• ronch
      • 8 years ago

      This may help.

      [url<]http://www.msi.com/service/power-supply-calculator/[/url<]

        • travbrad
        • 8 years ago

        Combining that with HardOCP numbers, it looks like you’ll need 1500W at the bare minimum (and even that’s pushing it). They showed the 8-core BD @ 4.6ghz using 450 WATTS when only running Prime95 small-FFTs (ie, not using the GPU or memory).

        That link shows 894WATTS for 3 stock GTX480s, so OCing them will add at least another couple hundred WATTS.

        So 1100 + 450 – idle power usage of GTX570 (the card they used) = about 1500 WATTS. It’s not good to run your PSU at 100% either.

    • Headloser
    • 8 years ago

    Man this suck.
    I don’t need a 8-core or even a 6-core CPU. I just want a 2-core CPU for crying out loud. NO GAME ON EARTH EVEN USED an 8-core or 6-core CPU.
    WHAT the hell they were thinking?
    At least they are backward compatible with the AM3 motherboard. That the only thing good for now.
    I just wait and see.
    Okay Okay, a four core CPU for some people whom seem to like it. And yes you are right ronch, it the AM3+ mobo that will only take the new CPU. Thank you for pointing that out to me. I should have check the info out first.
    Still the Core i5 is beating the crap out of AMD Newist CPU. Why haven’t they used any of the ATI technology? They doing better good with the 6000 series and the 7000 series is coming out soon.

      • ronch
      • 8 years ago

      As I understand it, it won’t fit on an AM3 mobo. You need AM3+.

      • cygnus1
      • 8 years ago

      Not accurate. Civ 5, Supreme Commander and SC2 all come to mind as games that use more than 2 cores

        • khands
        • 8 years ago

        Using a quad-core is almost the norm, and probably will be next year.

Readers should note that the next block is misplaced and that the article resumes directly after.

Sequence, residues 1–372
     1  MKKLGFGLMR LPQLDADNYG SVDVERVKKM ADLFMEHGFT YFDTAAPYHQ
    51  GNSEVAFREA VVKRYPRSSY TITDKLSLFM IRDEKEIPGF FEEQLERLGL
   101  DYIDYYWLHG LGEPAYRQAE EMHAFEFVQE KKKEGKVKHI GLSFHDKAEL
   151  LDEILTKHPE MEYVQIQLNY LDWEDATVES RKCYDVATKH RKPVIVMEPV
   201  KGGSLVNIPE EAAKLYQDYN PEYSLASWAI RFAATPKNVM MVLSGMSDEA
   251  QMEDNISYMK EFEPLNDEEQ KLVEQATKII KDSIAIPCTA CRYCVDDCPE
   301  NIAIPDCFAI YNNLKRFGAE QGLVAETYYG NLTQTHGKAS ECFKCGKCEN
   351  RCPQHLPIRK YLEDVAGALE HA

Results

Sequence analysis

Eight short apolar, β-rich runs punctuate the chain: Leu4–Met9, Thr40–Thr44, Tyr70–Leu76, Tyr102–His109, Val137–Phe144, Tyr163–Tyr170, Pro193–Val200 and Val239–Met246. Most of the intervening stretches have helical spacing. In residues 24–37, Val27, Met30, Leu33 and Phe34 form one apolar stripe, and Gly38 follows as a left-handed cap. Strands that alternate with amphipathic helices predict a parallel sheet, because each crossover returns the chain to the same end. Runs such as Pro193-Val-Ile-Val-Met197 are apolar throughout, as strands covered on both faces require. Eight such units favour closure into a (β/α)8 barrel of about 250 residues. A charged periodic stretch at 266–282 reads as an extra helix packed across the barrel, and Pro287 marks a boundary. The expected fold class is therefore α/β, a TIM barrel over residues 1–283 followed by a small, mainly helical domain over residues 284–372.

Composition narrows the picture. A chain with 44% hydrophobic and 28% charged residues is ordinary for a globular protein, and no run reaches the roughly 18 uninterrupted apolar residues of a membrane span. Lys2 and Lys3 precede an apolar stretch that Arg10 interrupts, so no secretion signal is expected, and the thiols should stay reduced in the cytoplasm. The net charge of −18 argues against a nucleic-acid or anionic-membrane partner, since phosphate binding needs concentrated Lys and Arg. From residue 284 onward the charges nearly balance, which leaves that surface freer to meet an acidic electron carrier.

• Bensam123
          • 8 years ago

          They do use more then two cores, but they’re terribly inefficient at using them. Leave your task manager open next time you play one of them set to low refresh speed. They use portions of different cores, but no where close to the whole thing. Same can be said about Source games. They use more then two cores, but not efficiently at all.

          Most game developers that are making consolized PoS design them around the lowest common denominator. Consoles don’t have quad cores.

        • XA Hydra
        • 8 years ago

        Supreme Commander FTW! The difference from an E6600 and a Q6600 was pretty noticeable. That said, I’m happy parking at four for awhile. There is always going to be someone who benefits from more however. I remember when review sites and magazines still recommended a single over a quad core, and now some games are barely playable with one.

        It’s dangerous to go alone. Take extra cores. 😛

      • dashbarron
      • 8 years ago

      A lot of people made similar arguments when quad cores first came, lamenting that nothing uses quad-cores and people should just buy dual-cores. Need to have them before developers start programming for them. Now we’ve got a good batch of games running or in development for four cores. The market creates a need for something and then a company fills that demand.